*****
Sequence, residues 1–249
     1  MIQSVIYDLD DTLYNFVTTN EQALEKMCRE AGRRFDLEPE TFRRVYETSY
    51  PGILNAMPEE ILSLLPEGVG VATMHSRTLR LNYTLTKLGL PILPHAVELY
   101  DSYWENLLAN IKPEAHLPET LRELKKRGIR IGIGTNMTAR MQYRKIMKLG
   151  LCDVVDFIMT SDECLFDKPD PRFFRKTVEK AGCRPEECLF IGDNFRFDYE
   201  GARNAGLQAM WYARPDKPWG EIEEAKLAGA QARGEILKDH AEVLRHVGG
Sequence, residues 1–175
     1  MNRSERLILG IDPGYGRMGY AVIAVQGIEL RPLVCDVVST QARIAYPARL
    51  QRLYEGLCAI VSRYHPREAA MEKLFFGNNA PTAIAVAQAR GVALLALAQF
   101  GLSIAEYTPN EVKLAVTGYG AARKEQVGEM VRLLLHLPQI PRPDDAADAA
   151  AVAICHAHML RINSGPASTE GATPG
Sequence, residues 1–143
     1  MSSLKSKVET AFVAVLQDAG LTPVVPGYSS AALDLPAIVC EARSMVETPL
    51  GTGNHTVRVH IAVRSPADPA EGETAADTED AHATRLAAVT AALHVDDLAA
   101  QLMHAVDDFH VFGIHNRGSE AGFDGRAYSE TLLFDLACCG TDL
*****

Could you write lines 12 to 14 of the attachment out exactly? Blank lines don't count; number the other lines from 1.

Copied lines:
Sequence, residues 1–143
     1  MSSLKSKVET AFVAVLQDAG LTPVVPGYSS AALDLPAIVC EARSMVETPL
    51  GTGNHTVRVH IAVRSPADPA EGETAADTED AHATRLAAVT AALHVDDLAA